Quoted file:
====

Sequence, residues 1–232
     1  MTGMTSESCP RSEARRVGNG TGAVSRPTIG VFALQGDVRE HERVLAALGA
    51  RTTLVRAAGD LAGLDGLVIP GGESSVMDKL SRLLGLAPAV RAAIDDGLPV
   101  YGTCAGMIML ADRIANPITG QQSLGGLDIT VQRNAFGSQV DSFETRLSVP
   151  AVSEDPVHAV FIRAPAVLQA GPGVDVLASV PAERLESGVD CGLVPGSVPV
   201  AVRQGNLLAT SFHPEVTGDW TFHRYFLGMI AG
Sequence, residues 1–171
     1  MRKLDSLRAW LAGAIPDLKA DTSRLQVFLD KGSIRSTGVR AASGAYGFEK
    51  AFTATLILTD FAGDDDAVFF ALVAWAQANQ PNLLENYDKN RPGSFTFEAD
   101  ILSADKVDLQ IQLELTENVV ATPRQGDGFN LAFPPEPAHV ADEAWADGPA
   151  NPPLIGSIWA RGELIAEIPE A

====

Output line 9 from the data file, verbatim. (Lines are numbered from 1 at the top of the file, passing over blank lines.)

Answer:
    51  AFTATLILTD FAGDDDAVFF ALVAWAQANQ PNLLENYDKN RPGSFTFEAD